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Tips for an Information Security Analyst/Pentester career - Ep. 44: AV Evasion (pt 2)

Following up to my previous post Tips for an Information Security Analyst/Pentester career - Ep. 43: AV Evasion (pt. 1), we're going now to perform the same attack on a genuine Windows 10 machine, where all latest updates have been installed.

Important step: network configuration

My Windows 10 was created on VirtualBox, while the attacking machine (Kali Linux v 3 2017) is a VMware Fusion VM.

Yes, you read it right.

I didn't have another Windows 10 license and I didn't feel like re-installing Veil on another Kali VM.

Two machines created with different virtualization software can communicate, as long as they're both in Bridged network mode.

This way, they all belong to same same network (wireless network, in my case) and can talk to each other.

An important step is to configure the Virtualbox VM by allowing promiscuous mode, as displayed below.

We're going to use the same payload created in Veil as before ( through the python/shellcode_inject/ exploit), which uses AES cryptography.

At that point, we must only setup a handler (multi/handler) to pick up the reverse connection from the victim machine and open up a shell.


We move to our Windows 10 target machine in order to download the malicious executable.

A warning message pops up, but it's not a blocking warning and, additionally, the file isn't flagged as malware, unlike what happened when I tried downloading files generated by other tools.

We can simply dismiss the warning by X'ing out of it.

This time around, though, another warning pops up. This isn't detecting the file as malware either, but it looks pretty bad.

Most users would keep going regardless, though, if they thought that file was legit or helpful, and can also be convinced to do so through social engineering techniques.

We can run the executable normally by going to More info and then clicking Run anyway, and we're able to obtain a Meterpreter session.

Privilege escalation

We're in as a local user, which belongs to the Administrators group, and this circumstance allows for a successful privilege escalation.

For this purpose, we're going to use another exploit (exploit/windows/local/bypassuac_fodhelper).
For more information and the settings related to this specific exploit, check the embedded video.

We're successful and another session is created for us,

This time around, our escalation with getsystem works.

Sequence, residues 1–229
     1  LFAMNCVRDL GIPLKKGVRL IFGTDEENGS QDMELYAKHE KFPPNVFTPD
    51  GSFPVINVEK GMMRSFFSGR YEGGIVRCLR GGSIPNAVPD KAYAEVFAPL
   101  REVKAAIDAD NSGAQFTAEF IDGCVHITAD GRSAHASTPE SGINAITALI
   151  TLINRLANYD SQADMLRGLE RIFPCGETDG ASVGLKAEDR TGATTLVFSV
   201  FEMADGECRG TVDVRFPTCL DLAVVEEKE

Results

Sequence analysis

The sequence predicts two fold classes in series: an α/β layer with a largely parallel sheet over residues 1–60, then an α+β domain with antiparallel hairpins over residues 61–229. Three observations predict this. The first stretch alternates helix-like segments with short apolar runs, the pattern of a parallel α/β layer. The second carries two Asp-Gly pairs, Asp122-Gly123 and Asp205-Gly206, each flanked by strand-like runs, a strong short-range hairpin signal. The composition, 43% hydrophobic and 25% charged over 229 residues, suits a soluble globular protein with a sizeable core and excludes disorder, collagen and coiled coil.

We can also dump the password hashes by migrating to a process having a higher priority.

I chose Windows Defender for this (who'd go and look for something there, right?) and this time around the operation was successful.

Additional evasion layer: packers

I was following a malware analysis class, where I learned about another method malware uses to disguise malicious code: packers.

Therefore, I decided to compress the file created with Veil with a packer called UPX

It's a well-known packer, so I'm not very optimistic I can have a better outcome, but I decided to give it a go regardless.

I copied my Veil payload to a Windows XP machine I use for that class, where I keep my specific tools, and proceeded to compress the file.

Sadly, like I said, we're out of luck, as we used a well-known packer (watch the embedded video for more details).

I reserve to update this post by using multiple packers or other evasion techniques


Antivirus software is very important and helpful, but not flawless, as it's mostly based on viral signatures, i.e. hashes.

If a file doesn't contain those patterns or it's been created through methods disguising the viral code, it might easily slip through undetected.

The specific AV software used can make a big difference, but your paranoia is your best defense first and foremost.

Make sure to install ALL security updates, whenever they pop up.

Don't be lazy about it because any updates close specific vulnerabilities an attacker can leverage in order to hack you.

But, regardless of the updating process, a healthy distrust is the best option for you to stay safe.

Don't run anything you're 100% sure of and, even when you're 100% sure, linger a second and think about it once more.

A click can't be undone, but a missed click can save your day and maybe your business, your career or your very life sometimes.

Attacks like this explain, much better than thousand words, why security awareness in an organization is paramount.

Episode 45


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